Over the years a number of software products for content management, archiving, program planning, and quality assurance have been developed.

In addition to metadata handling taking place in such systems, content creators also struggle with physical storage of the content.

While large enterprise solutions seem to be well developed and tested, there is still room for human error, be it in integration layer, workflow writing or error handling.

Achieving and verifying system-wide metadata and content integrity in loosely integrated environments where we can not track every change in every system may be hard.

There may also be some integrity requirements that are difficult to validate without having access to all the data in the organization.

This paper presents an approach for overcoming such a problem by moving validation of integrity to a layer above the rest of the ecosystem.

The presented approach is general in nature, independent and system agnostic.


In a broadcast organization content is created generally with an intent to publish and/or archive it in one way or another.

Content creation usually involves several steps from planning to publishing and archiving where each step may involve separate software systems and store data in multiple locations.

There is no one main source for metadata. On the contrary, each subsystem usually contributes only part of the metadata.

At some point in time a copy of essence (physical representation of the content like video file) is added to the mix.

All those systems may or may not communicate with one another.

We need to ensure that media objects with their metadata and essence are properly archived, aired, published in web, and is available for repurposing.

Once an essence or metadata is created we need to be sure it is not tampered or corrupted throughout its life cycle and is propagated to every subsystem according to our business rules which dictate how, when, and who can modify it.

The work done in this paper is based on Estonian Public Broadcasting (ERR) real life situation. Therefore, we first briefly describe the ERR media management ecosystem.

We present a working prototype which has been in use for actual validation with real results in production environment.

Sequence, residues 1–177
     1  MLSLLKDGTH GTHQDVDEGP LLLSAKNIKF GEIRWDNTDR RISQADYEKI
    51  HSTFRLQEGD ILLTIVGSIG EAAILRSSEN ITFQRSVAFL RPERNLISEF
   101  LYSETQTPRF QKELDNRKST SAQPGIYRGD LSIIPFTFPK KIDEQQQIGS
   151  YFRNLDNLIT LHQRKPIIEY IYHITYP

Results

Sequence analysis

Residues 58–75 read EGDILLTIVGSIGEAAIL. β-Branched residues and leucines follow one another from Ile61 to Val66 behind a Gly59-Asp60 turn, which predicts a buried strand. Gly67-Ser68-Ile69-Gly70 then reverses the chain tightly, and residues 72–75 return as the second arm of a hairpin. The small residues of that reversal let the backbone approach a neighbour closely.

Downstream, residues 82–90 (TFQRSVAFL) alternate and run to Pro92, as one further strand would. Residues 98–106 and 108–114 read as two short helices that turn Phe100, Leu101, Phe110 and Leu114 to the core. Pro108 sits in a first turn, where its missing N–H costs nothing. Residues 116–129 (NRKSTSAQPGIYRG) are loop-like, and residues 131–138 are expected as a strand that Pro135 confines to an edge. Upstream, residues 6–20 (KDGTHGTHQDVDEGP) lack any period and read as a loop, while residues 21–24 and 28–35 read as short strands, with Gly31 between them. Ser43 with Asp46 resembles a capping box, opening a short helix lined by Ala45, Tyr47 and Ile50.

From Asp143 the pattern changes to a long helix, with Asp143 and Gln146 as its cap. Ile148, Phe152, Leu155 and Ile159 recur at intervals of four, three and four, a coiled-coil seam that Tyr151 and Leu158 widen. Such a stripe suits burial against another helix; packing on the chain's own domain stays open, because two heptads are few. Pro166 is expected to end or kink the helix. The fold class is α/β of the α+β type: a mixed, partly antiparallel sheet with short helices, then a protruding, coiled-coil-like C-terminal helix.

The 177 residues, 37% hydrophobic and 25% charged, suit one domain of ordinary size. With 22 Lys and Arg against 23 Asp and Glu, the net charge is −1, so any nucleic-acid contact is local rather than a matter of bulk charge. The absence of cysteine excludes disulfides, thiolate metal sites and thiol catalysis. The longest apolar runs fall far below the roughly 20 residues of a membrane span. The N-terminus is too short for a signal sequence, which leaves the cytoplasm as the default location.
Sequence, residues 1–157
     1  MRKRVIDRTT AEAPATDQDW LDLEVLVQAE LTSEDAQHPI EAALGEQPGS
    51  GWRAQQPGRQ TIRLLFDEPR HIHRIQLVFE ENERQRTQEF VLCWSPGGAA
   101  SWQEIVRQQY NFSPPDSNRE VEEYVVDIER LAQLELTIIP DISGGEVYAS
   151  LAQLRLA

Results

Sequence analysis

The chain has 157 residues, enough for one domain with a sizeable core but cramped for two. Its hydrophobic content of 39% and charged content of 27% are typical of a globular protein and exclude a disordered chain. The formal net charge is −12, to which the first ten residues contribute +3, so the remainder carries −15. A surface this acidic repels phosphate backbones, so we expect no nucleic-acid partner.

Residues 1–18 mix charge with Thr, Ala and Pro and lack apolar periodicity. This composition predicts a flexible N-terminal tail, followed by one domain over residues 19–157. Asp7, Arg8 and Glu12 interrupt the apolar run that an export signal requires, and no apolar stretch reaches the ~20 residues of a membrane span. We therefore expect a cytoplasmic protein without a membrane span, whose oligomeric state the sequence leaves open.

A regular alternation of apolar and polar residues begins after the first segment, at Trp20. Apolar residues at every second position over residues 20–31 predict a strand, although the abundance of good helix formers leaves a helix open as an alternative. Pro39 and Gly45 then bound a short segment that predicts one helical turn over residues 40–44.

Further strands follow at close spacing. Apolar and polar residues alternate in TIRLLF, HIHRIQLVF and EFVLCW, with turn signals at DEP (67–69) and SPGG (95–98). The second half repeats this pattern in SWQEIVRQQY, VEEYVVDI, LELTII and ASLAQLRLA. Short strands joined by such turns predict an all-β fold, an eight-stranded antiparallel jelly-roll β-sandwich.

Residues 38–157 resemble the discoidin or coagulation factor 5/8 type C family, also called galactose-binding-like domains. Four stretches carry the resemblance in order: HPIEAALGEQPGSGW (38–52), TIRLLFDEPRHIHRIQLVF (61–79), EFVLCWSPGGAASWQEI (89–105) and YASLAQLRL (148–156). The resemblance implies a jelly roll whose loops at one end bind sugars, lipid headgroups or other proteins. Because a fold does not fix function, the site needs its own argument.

It is simple to ensure data integrity within a single software system whereas the situation becomes more complicated when we need to ensure the integrity of media objects across loosely coupled subsystems with diverse data structures, communication protocols and storage units.

The remainder of the paper covers the following topics. At first a brief overview of related work is given. Second, we describe ERR ecosystem. Then we will list the requirements for the integrity validator (IV) followed by an overview of the proposed IV’s architecture including the detailed description of the implemented requirements.

In the results and discussion section we describe the preliminary results, discuss the options for implementing the prototype into the production system and describe other possible approaches for our task. Finally, a short conclusion and possible future work.


There are a number of system monitoring software products available like Icinga (1) or Zabbix (2) just to name a few.

Those existing products are meant to excel at monitoring health and performance of devices, servers and other resources.

However, they are not suitable for monitoring the integrity of metadata, essence, and business processes without extensive work on creating add-on modules which would satisfy all our requirements.

As one of the goals of our approach was to be system agnostic we had no desire to tie our system to one specific product and as a result, our solution is built as an independent system.

Ensuring data integrity in databases and storage systems is an extensively studied subject but the problem addressed in this paper carries more resemblance to obstacles found in distributed data storage systems.

There is research done on rule based consistency in data grids. For instance, Rajasekar et al (3).

In our environment, we are not only concerned about the integrity of a single metadata value that propagates to multiple subsystems or a single version of an essence that should be stored and preserved on multiple locations.

Our view of integrity also includes transformations, derivations and dependencies of the essences and metadata.

Financial auditing world has adopted continuous auditing concept over the last decades as IT systems have evolved to permit near real-time access to single transactions.

Continuous auditing has steered auditing process towards being more proactive at handling of errors and works more as a deterrence and avoidance than correction of mistakes as discussed in Rezaee et al (4).

Similar concepts apply to broadcast production where our objective is discovering integrity violations before to the point where damage would be irreversible.